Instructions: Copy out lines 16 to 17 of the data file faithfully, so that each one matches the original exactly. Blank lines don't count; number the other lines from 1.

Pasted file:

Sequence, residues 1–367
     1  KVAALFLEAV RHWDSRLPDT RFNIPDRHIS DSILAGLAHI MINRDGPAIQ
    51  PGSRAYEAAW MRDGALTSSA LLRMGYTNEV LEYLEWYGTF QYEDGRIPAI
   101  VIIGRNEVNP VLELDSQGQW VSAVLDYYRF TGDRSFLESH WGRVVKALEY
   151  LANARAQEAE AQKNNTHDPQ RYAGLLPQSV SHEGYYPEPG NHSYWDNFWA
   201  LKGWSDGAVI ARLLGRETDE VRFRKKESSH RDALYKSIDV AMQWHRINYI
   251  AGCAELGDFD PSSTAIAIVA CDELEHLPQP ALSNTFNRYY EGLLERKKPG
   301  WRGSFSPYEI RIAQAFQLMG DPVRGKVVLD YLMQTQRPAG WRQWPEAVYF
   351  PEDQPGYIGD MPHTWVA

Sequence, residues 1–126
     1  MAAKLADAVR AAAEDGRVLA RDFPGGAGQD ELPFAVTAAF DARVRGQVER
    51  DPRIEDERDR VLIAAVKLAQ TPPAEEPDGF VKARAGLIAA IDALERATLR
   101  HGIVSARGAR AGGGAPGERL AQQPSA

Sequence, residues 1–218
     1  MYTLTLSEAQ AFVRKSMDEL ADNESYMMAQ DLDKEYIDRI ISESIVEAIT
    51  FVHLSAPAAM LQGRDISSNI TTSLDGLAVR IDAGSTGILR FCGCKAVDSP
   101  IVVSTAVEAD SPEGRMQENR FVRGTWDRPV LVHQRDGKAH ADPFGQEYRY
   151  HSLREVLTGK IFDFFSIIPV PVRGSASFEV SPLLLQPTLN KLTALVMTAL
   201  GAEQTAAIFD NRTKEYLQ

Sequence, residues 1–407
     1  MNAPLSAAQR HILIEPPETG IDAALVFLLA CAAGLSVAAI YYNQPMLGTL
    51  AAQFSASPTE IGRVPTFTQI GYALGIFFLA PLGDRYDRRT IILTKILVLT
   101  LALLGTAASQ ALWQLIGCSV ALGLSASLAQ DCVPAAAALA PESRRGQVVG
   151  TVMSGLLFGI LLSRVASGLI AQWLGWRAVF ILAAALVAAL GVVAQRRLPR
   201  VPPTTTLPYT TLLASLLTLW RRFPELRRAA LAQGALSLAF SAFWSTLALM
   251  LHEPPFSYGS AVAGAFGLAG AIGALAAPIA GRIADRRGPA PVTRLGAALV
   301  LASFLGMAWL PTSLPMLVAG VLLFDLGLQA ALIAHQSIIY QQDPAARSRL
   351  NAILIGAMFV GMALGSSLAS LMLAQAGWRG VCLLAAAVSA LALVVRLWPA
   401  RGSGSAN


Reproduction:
    51  FVHLSAPAAM LQGRDISSNI TTSLDGLAVR IDAGSTGILR FCGCKAVDSP
   101  IVVSTAVEAD SPEGRMQENR FVRGTWDRPV LVHQRDGKAH ADPFGQEYRY